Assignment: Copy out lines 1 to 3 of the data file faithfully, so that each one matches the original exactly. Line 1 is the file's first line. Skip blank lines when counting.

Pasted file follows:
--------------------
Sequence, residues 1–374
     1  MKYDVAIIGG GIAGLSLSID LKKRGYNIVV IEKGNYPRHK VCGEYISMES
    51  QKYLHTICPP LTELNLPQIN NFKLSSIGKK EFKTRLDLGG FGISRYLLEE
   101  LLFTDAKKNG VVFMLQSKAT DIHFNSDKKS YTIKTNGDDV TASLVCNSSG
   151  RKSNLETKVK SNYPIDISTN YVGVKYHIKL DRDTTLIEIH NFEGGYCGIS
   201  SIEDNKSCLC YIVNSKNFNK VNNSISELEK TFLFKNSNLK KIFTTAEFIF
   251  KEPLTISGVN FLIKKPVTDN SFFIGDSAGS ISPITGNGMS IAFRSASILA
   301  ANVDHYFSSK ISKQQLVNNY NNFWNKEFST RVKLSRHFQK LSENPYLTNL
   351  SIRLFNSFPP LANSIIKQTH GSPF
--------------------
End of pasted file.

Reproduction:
Sequence, residues 1–374
     1  MKYDVAIIGG GIAGLSLSID LKKRGYNIVV IEKGNYPRHK VCGEYISMES
    51  QKYLHTICPP LTELNLPQIN NFKLSSIGKK EFKTRLDLGG FGISRYLLEE